Hannity Avoids Asking Romney About Why He Took Credit For Saving Detroit
Sean Hannity hosted presumptive Republican nominee Mitt Romney for a 16 minute interview last night but failed to ask about comments in which Romney claimed "a lot of the credit" for saving the auto industry. Hannity did, however, find time to ask: "Do you believe that this President has failed in his time in office?"
During a WEWS-TV interview, Romney said  "I pushed the idea of a managed bankruptcy. And finally, when that was done, and help was given, the companies got back on their feet. So I'll take a lot of credit for the fact that this industry's come back."
Romney's claim generated  many  headlines  because in a 2008 New York Times op-ed , Romney argued that a government bailout for auto companies would "virtually [guarantee]" the demise of the auto industry, and that a "managed bankruptcy may be the only path to the fundamental restructuring the industry needs."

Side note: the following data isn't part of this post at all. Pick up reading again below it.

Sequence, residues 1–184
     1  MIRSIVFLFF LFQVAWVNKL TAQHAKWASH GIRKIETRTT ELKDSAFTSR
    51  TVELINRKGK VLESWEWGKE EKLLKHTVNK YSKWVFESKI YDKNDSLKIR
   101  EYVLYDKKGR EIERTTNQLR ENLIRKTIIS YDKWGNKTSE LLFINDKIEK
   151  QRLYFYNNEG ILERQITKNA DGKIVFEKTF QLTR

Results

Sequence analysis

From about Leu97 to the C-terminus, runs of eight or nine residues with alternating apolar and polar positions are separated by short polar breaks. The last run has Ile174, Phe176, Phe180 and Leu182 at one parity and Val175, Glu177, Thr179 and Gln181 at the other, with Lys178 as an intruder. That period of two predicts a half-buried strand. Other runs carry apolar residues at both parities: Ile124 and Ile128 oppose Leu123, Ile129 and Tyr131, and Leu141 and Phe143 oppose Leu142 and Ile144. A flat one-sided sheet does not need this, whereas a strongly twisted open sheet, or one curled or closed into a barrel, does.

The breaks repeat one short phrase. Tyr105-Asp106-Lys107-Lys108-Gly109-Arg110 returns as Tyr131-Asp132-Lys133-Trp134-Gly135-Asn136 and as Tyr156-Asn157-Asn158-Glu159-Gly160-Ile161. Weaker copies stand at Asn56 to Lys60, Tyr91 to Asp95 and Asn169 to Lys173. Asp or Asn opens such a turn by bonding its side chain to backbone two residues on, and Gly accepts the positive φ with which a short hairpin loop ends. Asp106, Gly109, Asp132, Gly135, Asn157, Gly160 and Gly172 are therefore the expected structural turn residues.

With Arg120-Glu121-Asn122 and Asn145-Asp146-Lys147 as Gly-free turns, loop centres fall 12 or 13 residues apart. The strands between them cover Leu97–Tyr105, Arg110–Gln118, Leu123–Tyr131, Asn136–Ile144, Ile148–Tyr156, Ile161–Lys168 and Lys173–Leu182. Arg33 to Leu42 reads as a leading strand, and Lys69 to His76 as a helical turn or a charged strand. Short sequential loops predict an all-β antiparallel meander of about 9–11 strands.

Contrary to Romney's advice, the federal government did provide assistance, and economists  and a key person  who was part of the negotiations say  that  without assistance from the federal government, a bankruptcy of the auto industry would have likely resulted in liquidation, due to the lack of available private financing.
Even Fox Business' Lou Dobbs has highlighted  the controversy. But not Hannity. Instead Hannity's viewers were treated to questions like this: